Laytonia, Cottage Hill, Imperial City, and Leetown

Edwin L. Drake drilled the first commercially successful oil well in nearby Titusville on August 27, 1859.[10] Oil was struck on the Downing farm south of the river[9] by Phillips & Vanusdall in April 1861.[7] Oil City had fewer than six families living there in 1859.[6] The discovery of oil changed that. By 1868, a number of boomtowns had emerged in the region, including Oil City, Petroleum Center, Pithole, Rynd Farm, and Titusville.[11] By 1860, the oil trade was far and away the dominant industry in the Oil City area.[7] A machine shop (which constructed pipe fittings), warehouses, and other industrial structures were built on the west side of Oil Creek.[9] Barges were used to transport oil down Oil Creek and into Oil City, where it was transferred to steamboats or bulk barges to continue on to Pittsburgh and other locations.

In 1859, Nevins sold his property to the Michigan Rock Oil Company,[a] which built Main Avenue,[13] platted a unnamed town around it, and erected a few buildings.[14] On March 26, 1863, Henry Bastian sold his land to William L. Lay.[7] Lay established a ferry near what is now the foot of Central Avenue. Lay platted a town of 80 lots near his ferry's landing on the south shore, and named the town Laytonia (sometimes referred to as "Laytona" or "Latona").[7][b] The same year, Charles Haines and Joseph Martin bought out the Hassons (who had continued to farm their land), and graded Grove Avenue. The two built a number of homes along the street, calling their settlement Cottage Hill.[13] The United Petroleum Farms Association purchased part of Cottage Hill as well as an adjoining 300 acres (1.2 km2) in 1864. The company subdivided the land into lots and swiftly built homes here.[13] In 1865, Vandergrift, Forman & Company, a petroleum exploration firm, bought the property of a number of settlers around the north landing of Lay's Ferry and established a town the company called Imperial City.[13][c] West of Laytonia, Charles Lee established a settlement called Leetown.[13]

Founding of Oil City

In 1862, residents in the area obtained a charter from the state, uniting the area north of the river as a borough named Oil City.[15] South of the river, in particular, growth continued to be haphazard. Streets there often did not match up, hindering transportation. Residents realized that there were too many names in use for this area, which was causing problems. In 1866, the citizens of the borough south of the river petitioned Judge William G. Trunkey to give their borough a common name. He selected Venango City.[13] By 1866, Venango City had a population of more than 1,500,[15] and more than 4,500 people lived in Oil City.[13]

Oil City began platting extensive areas of land between 1869 and 1872. This included the upper and lower south side, Palace Hill, upper Cottage Hill and Clark's Summit.[13] A 1,600-foot (490 m) long funicular ascended the 460-foot (140 m) high hill. Built in 1872, the Panic of 1873 devastated home sales on Clark's Summit. The funicular company went bankrupt, and the track was removed in 1879.[16]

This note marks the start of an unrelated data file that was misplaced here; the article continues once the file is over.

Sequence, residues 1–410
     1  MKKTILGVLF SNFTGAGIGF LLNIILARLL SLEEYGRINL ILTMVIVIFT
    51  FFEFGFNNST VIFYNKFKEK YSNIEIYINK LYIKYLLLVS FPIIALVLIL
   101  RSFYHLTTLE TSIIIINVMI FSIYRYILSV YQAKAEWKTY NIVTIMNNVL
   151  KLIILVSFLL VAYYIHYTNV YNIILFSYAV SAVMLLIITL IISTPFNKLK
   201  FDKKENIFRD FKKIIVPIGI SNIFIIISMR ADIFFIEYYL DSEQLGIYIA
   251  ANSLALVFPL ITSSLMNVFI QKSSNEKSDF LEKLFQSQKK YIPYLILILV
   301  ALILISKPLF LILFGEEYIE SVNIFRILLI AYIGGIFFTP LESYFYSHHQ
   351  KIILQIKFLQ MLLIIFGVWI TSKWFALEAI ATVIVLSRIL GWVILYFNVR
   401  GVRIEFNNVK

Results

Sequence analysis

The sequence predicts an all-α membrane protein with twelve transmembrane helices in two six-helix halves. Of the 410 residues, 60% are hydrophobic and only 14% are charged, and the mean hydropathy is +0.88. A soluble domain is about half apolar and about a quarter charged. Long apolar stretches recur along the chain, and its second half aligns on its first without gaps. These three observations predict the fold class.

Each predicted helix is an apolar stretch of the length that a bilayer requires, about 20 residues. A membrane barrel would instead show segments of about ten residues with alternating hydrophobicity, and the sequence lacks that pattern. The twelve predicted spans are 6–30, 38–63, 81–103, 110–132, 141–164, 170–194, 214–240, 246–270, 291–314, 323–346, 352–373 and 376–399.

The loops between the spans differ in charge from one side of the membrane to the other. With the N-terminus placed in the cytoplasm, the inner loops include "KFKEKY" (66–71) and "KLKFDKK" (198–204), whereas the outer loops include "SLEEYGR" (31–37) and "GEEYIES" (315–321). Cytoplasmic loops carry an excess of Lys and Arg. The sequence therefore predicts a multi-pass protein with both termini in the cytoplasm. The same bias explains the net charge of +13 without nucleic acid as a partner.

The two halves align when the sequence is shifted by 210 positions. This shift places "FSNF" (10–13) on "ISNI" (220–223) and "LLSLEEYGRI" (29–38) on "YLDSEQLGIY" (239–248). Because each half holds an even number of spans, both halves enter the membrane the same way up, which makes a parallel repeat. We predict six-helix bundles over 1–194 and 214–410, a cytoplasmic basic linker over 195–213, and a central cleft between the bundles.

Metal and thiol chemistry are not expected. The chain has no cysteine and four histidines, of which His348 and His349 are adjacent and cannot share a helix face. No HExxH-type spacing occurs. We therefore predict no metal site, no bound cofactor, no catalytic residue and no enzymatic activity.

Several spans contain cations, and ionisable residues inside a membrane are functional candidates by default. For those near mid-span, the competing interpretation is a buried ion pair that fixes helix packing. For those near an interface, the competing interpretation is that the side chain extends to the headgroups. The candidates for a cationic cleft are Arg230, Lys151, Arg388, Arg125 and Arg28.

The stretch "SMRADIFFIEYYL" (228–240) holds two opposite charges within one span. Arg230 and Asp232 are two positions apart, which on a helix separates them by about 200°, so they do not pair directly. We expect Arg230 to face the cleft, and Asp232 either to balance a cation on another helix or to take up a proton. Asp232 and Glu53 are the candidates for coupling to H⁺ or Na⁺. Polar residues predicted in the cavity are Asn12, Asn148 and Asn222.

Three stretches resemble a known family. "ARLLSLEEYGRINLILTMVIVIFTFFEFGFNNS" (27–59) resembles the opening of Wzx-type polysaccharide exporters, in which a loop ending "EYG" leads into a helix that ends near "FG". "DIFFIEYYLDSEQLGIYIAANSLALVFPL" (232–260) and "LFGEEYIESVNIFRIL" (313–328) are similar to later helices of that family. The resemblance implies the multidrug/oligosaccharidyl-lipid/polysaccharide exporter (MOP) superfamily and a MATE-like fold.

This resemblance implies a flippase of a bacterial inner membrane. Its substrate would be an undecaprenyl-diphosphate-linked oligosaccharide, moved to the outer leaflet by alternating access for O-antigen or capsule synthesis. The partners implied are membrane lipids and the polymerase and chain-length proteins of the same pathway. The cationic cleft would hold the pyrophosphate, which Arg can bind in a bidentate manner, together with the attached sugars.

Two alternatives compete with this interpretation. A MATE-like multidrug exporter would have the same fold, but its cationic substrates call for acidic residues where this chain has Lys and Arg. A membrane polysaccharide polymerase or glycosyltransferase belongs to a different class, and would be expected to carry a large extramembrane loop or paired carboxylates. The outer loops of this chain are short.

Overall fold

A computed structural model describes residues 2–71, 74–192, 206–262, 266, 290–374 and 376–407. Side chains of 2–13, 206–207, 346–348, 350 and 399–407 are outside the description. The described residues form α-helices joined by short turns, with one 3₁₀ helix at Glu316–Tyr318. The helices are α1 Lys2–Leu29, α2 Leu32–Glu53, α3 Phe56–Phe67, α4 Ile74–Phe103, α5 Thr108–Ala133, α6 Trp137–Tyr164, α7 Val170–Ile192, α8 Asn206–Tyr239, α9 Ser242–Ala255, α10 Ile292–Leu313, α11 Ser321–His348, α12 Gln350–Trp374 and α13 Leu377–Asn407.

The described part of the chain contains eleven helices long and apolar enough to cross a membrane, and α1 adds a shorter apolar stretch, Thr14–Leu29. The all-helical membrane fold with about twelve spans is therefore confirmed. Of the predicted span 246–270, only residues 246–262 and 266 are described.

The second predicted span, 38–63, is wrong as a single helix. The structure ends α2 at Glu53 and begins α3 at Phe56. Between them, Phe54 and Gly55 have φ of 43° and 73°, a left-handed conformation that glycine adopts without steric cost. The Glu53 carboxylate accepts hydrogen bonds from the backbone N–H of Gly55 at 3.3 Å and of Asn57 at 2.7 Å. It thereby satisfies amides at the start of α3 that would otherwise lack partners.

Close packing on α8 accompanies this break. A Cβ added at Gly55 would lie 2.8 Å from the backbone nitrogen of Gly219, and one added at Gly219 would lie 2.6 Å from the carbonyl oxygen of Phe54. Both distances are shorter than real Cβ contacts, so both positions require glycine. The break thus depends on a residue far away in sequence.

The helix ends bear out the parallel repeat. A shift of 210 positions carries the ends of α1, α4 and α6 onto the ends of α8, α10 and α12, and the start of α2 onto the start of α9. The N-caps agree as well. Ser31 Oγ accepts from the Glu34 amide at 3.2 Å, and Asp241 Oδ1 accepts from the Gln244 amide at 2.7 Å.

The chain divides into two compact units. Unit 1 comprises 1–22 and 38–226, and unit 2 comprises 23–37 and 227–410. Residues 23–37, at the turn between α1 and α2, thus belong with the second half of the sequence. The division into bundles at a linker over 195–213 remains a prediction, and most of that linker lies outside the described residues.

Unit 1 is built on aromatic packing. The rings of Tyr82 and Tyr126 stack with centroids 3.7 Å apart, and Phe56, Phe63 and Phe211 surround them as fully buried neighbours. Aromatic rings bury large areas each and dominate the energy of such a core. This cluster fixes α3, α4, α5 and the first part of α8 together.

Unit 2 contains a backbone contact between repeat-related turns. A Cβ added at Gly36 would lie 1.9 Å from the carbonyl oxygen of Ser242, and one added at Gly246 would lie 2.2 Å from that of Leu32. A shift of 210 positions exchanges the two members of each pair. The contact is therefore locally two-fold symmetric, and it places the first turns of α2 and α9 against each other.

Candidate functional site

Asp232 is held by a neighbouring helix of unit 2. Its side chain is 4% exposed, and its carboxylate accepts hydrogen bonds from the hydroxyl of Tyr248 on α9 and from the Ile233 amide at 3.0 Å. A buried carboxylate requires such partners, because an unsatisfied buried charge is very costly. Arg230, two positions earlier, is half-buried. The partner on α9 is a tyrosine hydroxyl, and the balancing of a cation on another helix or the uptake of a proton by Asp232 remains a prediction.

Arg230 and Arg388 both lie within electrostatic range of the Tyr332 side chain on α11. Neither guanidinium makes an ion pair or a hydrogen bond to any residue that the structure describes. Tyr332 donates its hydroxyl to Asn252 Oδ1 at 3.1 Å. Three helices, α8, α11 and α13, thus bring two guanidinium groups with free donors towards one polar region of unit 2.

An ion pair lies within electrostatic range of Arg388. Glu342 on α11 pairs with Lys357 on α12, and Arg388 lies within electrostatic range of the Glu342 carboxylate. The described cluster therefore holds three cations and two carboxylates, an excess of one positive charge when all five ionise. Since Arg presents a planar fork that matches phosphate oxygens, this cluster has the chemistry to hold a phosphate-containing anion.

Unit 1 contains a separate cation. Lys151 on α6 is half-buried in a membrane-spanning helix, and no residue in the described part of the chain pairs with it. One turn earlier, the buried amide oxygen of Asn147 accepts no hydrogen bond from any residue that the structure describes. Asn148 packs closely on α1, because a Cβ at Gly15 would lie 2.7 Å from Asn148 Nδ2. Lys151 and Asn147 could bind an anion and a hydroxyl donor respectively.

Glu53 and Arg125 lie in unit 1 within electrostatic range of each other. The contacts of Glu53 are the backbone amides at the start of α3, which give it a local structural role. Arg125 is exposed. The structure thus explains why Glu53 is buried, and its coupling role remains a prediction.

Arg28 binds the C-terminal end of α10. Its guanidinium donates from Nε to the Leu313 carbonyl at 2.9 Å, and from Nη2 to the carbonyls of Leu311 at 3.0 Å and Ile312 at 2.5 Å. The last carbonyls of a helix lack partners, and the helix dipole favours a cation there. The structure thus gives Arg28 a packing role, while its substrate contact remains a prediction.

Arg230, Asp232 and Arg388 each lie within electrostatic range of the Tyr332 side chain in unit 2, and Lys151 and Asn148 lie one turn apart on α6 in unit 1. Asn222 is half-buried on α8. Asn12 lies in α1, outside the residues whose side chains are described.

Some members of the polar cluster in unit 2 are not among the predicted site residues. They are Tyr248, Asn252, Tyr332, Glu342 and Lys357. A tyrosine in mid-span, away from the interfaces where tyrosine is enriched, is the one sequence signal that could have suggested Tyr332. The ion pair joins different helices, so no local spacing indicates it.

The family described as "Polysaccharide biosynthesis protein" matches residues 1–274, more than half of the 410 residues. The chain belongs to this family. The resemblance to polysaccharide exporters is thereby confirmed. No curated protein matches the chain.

By 1870, residents of Oil City and Venango City desired unification of their joint, growing metropolis. They sought a town charter from the state, which was granted by the legislature on March 3, 1871.[9][15] Oil City was the name of the unified boroughs. The first Oil City elections were held in April, and the first mayor, William M. Williams, and 12-member city council sworn in on April 11, completing the act of incorporation.[17] Oil City replaced her charter with a new one in January 1881 after the state implemented a new township charter law.[15] A city hall was erected later that year on Seneca Street.[18]

Post-charter Oil City

The city was partially destroyed by flood in 1865 and by both flood and fire in 1866 and again in 1892; on this last occasion, several oil tanks that were struck by lightning gave way, and Oil Creek carried a mass of burning oil into the city, where some 60 lives were lost and property valued at more than $1 million was destroyed. Oil City grew into a thriving community through the later half of the 19th century and into the 20th century. By the 1990s, Pennzoil, Quaker State, and Wolf's Head had all relocated their headquarters elsewhere. However, some oil wells continue to produce a steady supply of quality petroleum.

Regional governments and public organizations promote tourism by thoroughly educating the public about oil history. Oil City's location along the Allegheny River in the foothills of the Appalachian Mountains provides excellent opportunities for exploring Northwestern Pennsylvania.

The Oil City Downtown Commercial Historic District, Oil City North Side Historic District, Oil City South Side Historic District, National Transit Building, and Oil City Armory are listed on the National Register of Historic Places.[19]


Oil City, Pennsylvania is located at the confluence of the Allegheny River and Oil Creek at 41°25′42″N 79°42′26″W / 41.428280°N 79.707327°W.[20] According to the United States Census Bureau, the city has a total area of 4.7 square miles (12 km2), of which, 4.5 square miles (12 km2) is land and 0.2 square miles (0.52 km2) (4.65%) is water.

Many layers of rock and sedimentary material containing fossils can be seen on the bluffs in and around Oil City. Oil City is framed by the surrounding foothills with the Allegheny River winding through downtown.